Under Australian tax rules, foreign residents are not subject to Australian Capital Gains Tax (CGT) on the disposal of Australian assets unless the asset is Taxable Australian Property (TAP). A number of asset classes fall into the definition of TAP. The most common of these asset classes is Taxable Australian Real Property (TARP) which includes land situated in Australia and mining, quarrying and prospecting rights over Australian resources.
It is well known to foreign investors directly holding TARP that their investment in Australian property constitutes TAP and is subject to CGT. However, one asset class that is also TAP but is easily overlooked are Indirect Australian Real Property Interests.
In broad terms, an Indirect Australian Real Property Interest arises where a foreign resident holds an interest of at least 10% in an entity holding TARP, and the market value of the TARP in that entity represents more that 50% of the assets of that entity by value.
Indirect Australian Real Property Interests can arise through both direct holdings of a land-holding entity as well as indirect interests in that entity. As an example, take a scenario where a foreign resident that wholly owns Company 1, which in turn wholly owns Company 2 which has TARP as its only asset. The foreign resident is taken to have an Indirect Australian Real Property Interest. Where the foreign resident sells the shares held in the Company 1, that sale would be subject to Australian CGT.
In AP Energy, a foreign resident sold 75% of their 21.4% interest in an Australia entity. The Australian entity was a mining company that held various mining rights that fell within the definition of TARP. It was clear that the 10% threshold had been reached. As such, the question of whether the shares held by the foreign resident were Indirect Australian Real Property Interests turned on the question of whether the market value of TARP interests held by the Australian entity was more than 50% of the value of all its assets (known as the principal asset test).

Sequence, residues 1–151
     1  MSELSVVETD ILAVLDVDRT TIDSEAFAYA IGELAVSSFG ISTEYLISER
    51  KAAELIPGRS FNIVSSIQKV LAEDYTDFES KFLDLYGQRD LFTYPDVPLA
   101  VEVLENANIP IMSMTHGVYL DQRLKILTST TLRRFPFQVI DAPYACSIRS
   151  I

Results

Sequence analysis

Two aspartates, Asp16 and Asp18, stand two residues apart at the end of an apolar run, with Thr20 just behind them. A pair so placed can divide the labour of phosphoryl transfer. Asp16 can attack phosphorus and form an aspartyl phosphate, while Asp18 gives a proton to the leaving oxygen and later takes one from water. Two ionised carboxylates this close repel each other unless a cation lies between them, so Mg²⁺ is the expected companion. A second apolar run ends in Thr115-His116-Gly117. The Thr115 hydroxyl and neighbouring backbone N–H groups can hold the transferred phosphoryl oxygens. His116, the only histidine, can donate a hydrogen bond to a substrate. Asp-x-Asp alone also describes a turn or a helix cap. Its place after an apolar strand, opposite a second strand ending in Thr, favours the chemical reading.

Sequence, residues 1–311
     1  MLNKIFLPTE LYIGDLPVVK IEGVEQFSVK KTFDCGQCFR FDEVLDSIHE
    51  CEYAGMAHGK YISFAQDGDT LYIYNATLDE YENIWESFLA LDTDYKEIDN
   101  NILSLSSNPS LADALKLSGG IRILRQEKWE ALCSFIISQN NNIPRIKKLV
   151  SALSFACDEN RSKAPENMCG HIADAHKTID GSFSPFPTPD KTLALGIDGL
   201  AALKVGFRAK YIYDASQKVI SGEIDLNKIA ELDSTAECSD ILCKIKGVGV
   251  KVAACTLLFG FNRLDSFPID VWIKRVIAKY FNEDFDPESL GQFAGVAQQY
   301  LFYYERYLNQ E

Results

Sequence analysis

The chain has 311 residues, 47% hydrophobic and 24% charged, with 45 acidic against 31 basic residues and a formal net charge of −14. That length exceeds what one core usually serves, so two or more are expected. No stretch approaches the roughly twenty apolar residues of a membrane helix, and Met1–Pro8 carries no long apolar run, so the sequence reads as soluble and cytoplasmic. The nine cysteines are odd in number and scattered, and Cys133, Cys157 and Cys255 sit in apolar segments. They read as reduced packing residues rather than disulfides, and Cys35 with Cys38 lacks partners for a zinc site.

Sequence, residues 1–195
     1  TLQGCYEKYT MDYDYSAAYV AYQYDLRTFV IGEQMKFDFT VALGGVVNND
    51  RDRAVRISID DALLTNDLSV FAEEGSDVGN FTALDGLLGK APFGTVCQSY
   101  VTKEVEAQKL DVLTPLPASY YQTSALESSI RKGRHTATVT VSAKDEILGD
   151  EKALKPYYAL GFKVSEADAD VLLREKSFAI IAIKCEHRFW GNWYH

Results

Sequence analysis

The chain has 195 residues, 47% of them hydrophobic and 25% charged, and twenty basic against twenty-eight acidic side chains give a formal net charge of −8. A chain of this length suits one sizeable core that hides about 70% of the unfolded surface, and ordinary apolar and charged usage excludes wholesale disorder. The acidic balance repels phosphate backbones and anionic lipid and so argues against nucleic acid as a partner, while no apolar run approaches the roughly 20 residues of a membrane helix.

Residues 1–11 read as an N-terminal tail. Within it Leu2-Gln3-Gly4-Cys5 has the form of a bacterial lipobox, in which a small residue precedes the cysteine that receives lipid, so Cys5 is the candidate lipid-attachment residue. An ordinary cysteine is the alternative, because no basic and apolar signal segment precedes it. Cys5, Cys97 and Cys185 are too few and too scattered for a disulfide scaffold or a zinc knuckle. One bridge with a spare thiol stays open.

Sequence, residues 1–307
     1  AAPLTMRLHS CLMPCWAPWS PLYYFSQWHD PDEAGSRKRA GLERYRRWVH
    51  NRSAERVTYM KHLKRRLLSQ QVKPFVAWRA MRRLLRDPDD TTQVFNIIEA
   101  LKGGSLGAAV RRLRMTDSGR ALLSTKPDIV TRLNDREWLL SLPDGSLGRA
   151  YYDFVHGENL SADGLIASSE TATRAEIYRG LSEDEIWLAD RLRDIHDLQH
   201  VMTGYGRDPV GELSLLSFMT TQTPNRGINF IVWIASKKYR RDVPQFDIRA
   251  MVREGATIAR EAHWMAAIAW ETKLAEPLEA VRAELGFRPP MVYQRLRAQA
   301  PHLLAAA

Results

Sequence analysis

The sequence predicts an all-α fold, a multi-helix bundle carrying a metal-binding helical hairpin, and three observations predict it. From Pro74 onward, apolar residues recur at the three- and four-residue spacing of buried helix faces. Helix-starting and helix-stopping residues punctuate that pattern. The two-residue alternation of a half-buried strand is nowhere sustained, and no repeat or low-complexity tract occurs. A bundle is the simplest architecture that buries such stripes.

Central to the dispute was the methodology used by the taxpayer to value its non-TARP assets, in particular its mining information. It was the taxpayer’s assertion that the market valuation undertaken on mining information (a non- TARP asset) resulted in a value so high that TARP comprised less than 50% of the assets by value. The Commissioner of Taxation (the Commissioner) challenged the valuation. After a somewhat lengthy process, the federal court found for the taxpayer. The case highlights the role that valuation methodologies play in the principal asset test and confirms that this is an area that the Commissioner will review and challenge.
Foreign residents firstly need to be aware that indirect interests in Australian real property can give rise to an Australian CGT exposure. In addition, undertaking a sufficiently robust market valuation process is critical to determining if the principal asset test has been met.